The Irish Natura & Hill Farmers Association have called on Governments and MEP’s to scrap the Nature Restoration Law following a series of inconclusive votes (on it) by the Environment Committee of the EU Parliament.
Speaking on this National President Vincent Roddy stressed how “this poorly conceived law will undermine farming activity and food production, destroy our rural communities and fail its objectives to deliver on improved biodiversity and address concerns around climate change.”
Since the initial draft by the EU Commission, we have, he continued, outlined the obvious flaws in the law that he stated “was developed by ideologues who didn’t take into account the potential impact on farmers and rural communities.”
The flaws of which there were many were, he added “best summed up by the suggestion in Recital 55, that on rewetted peatlands, championed the farming of water buffalo as a viable alternative to cattle and sheep.”
In discussions around this law, we were, he stated “continually informed of the urgent need to take action on climate change with the rewetting of drained peatlands trumped as a key solution through the capture of carbon. However, science conducted here in Ireland is painting a different picture, especially when it comes to the release of methane from these rewetted soils.”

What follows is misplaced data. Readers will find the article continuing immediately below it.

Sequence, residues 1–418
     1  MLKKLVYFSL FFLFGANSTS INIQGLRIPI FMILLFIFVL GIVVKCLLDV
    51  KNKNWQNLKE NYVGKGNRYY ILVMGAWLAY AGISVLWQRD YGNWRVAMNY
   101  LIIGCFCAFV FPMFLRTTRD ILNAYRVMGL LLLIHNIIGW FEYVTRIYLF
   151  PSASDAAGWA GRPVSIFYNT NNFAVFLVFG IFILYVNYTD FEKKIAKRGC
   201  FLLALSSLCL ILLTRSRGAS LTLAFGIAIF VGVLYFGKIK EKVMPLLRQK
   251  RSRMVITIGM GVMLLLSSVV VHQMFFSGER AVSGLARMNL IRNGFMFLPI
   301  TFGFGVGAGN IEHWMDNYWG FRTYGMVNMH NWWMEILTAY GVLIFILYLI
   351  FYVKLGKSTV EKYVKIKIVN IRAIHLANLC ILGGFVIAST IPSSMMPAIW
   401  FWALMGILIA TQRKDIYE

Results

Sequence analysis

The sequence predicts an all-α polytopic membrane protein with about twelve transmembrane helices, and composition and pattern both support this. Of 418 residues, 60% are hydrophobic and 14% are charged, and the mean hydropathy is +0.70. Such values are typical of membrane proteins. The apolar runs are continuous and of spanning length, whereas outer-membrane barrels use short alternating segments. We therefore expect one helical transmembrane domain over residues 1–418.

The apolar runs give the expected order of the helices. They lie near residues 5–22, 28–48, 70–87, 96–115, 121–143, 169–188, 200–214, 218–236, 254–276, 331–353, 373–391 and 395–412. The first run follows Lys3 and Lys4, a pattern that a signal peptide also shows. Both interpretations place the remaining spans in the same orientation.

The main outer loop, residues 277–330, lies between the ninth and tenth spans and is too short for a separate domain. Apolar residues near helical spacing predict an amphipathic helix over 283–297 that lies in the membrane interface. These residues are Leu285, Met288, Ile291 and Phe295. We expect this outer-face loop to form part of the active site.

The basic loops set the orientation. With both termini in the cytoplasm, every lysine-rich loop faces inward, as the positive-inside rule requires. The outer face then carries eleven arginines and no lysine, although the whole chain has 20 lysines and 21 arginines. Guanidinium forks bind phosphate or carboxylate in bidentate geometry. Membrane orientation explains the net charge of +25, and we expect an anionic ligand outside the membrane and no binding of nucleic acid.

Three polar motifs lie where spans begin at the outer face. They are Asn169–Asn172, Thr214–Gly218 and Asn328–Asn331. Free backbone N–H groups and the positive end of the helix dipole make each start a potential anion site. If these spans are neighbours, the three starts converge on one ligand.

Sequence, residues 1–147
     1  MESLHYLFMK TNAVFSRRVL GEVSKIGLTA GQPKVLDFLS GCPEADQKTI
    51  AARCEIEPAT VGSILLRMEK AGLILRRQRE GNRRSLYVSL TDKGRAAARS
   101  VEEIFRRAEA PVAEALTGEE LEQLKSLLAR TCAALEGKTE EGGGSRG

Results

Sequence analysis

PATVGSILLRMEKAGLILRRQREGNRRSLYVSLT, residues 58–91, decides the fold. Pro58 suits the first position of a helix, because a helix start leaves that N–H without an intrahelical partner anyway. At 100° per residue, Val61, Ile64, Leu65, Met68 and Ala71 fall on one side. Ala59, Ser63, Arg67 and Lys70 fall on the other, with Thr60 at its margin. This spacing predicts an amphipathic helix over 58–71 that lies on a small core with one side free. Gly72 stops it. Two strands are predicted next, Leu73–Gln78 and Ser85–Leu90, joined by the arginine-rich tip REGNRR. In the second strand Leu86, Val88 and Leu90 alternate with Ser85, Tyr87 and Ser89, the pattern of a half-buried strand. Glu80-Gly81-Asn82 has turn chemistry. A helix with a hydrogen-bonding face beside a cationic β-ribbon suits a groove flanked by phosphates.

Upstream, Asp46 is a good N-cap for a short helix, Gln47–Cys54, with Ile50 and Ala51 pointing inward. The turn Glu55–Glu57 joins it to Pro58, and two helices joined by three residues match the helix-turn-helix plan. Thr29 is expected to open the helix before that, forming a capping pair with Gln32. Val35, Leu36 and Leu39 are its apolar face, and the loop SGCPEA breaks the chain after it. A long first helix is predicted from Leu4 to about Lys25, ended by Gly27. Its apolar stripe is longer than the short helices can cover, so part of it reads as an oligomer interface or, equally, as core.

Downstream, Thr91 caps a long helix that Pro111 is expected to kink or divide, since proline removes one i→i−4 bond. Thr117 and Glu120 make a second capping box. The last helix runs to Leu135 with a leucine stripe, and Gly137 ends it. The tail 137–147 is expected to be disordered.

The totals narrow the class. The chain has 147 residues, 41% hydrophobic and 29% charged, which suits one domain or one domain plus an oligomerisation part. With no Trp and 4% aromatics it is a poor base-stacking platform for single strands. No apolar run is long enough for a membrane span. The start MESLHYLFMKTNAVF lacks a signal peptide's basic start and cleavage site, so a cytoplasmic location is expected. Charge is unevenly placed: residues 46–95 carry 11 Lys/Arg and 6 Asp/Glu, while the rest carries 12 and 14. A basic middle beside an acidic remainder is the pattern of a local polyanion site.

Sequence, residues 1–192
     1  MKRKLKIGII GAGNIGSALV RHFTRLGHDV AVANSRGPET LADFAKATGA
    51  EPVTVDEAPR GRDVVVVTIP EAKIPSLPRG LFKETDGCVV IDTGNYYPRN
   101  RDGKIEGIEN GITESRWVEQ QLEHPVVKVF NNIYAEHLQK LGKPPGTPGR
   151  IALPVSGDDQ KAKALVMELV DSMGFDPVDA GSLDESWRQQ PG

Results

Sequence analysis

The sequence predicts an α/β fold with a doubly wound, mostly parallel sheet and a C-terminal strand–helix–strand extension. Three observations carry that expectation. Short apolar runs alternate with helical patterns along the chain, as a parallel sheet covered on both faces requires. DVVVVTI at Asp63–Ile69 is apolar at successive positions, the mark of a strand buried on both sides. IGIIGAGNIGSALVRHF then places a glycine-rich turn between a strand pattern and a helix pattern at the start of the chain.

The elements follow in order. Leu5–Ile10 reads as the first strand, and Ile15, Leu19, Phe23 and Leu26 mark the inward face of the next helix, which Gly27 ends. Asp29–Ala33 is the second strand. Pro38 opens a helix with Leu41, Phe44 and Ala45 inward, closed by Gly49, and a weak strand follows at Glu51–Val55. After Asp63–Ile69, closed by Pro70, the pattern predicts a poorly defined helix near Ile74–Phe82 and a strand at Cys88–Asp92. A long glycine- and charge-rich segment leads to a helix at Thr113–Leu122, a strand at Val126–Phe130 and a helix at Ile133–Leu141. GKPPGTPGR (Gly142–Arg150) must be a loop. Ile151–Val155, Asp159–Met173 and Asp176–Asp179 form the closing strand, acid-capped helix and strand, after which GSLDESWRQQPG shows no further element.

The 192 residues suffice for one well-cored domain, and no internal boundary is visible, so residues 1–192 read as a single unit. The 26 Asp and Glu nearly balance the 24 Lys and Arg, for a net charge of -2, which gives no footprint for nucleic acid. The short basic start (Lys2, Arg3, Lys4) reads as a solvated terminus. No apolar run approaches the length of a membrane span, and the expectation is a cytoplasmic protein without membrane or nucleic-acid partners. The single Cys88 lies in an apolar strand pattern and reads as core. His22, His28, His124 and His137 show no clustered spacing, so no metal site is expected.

This was he stressed “clearly evidenced in an EPA Research Report drafted by Florence Renou-Wilson and David Wilson. Results from this report confirmed that under certain scenarios any benefit obtained through reducing carbon emissions was off-set by the release of methane that would continue for centuries after the rewetting process.”
On assessing the current impasse following yesterday’s vote and where we go from here the INHFA Leader detailed how all three parties (EU Commission, Parliament and Governments) need to recognise any shortcomings, including their inability to be objective with regard to the science. On this basis it is he maintained “vital that they recognise how the current proposal is fatally damaged and must be scrapped.”
In concluding, the INHFA leader stressed how a reset such as this can also provide the opportunity to look again at other aspects of EU regulation relating to biodiversity loss and climate change. On this he stated “how the nature directives as applied through the Natura 2000 network of land designations has also failed and needs a full review, taking on board the concerns and suggestions of the key stakeholders – namely the landowners and farmers.”